If you thought the U.S., E.U., and Japan were the only central banks printing fiat currency think again. There is new player at the table and he controls more money than Ben Bernanke.
The People’s bank of China (PBoC), China’s central bank is now the 800lb panda in terms of balance sheets. They have become the main provider of global liquidity with its total assets topping 28 trillion yuan (about $4.5 trillion dollars). By comparison, the Federal Reserve’s balance sheet is a paltry $3.5 trillion dollars.
This makes the PBoC’s governor, Zhou Xiaochuan, in charge of the largest pool of money on earth. He is now controlling more money than Ben Bernake. These two combined are a global tag team of liquity spraying money all over the world’s economic system.
The PBoC has seen a 118 percent rise over the past five years in its balance sheet. China’s broadest measure of money supply, M2, was up 146% over the past five years to 85.2 trillion yuan (13.8 trillion dollars) by the end of 2011 and China alone accounted for 52% of the world’s new M2 in 2011.
China’s central bank balance sheet is astonishingly high considering China’s GDP is roughly only half the size of the U.S. economy. This high speed money printing express is the result of China trying to peg their currency artificially low and at the same time spend hugely on infrastructure projects to boost the economy.
Now China has awoken with a hangover and we are left with the unintended consequences. The banks and local governments are stuck with bad debts, we have extremely high inflation, and a growing wealth disparity.
Inflation has required China to slam on the brakes of its economy. Commercial loans in China are now running 9% if you can get one. They have also put in draconian measures to curb property and housing speculation. This is the real reason why China is slowing down not the reported weakness in export markets. China is trying to engineer a slow down to soak up all of the liquity in the system.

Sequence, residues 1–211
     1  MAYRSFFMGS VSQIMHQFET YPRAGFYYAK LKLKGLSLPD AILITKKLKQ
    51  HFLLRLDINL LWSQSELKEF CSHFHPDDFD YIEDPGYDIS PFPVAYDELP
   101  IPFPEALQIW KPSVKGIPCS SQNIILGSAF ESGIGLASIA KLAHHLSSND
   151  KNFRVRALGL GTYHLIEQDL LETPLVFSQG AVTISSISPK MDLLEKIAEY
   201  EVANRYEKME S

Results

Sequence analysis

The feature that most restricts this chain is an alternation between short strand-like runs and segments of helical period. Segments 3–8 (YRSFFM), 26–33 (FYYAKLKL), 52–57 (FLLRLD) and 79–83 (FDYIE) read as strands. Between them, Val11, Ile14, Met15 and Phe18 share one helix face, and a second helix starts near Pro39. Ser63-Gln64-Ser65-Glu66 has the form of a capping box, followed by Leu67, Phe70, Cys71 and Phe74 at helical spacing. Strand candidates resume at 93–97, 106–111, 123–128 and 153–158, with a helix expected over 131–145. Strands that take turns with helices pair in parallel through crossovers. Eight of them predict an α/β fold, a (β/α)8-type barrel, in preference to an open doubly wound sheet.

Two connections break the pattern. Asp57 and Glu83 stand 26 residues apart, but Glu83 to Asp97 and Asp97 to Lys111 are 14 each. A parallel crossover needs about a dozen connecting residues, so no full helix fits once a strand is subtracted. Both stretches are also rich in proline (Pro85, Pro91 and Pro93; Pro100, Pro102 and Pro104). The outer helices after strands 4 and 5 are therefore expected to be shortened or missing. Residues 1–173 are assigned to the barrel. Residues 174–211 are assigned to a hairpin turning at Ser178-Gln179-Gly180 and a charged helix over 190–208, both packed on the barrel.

Try making money on an industrial business with your cost of capital at 9%—it's not easy.
Bad debts are found throughout the Chinese banking system as well as local governments. The good news is that Chinese banks are the most profitable in the world and are borrowing at 5% and lending at 9%. They can work through their bad debts and if they can’t, Beijing has a $3 trillion dollar reserve to back them up.
The last point with regards to wealth disparity is a very sensitive flash point in China. As recently reported in the China Money Report there are now 90 billionaires (in dollar terms) living in Shanghai alone. The money doesn’t stop there. It was also reported there are now over 140,000 people in Shanghai alone with a net worth over $1.5 million USD. The working people meanwhile are getting 15% annual wage increases but it cannot keep up with the rise in prices. Tomato prices in 2012 are up 70%, vegetable prices are on average up 30%. You can almost feel the scourge of a heavy and sustained inflation setting up camp with intentions for a decade long sleep-over.
China does not face a hard landing yet; there is a much greater risk of overheating. China is a commodity-importing juggernaut, they could cure inflation and boost the economy by allowing the yuan to appreciate and stop the global money printing roller coaster, but will they? Thus far, they refuse to let it appreciate much and have continued to choose liquidity and money printing.
How much more will Zhou Xiaochuan print?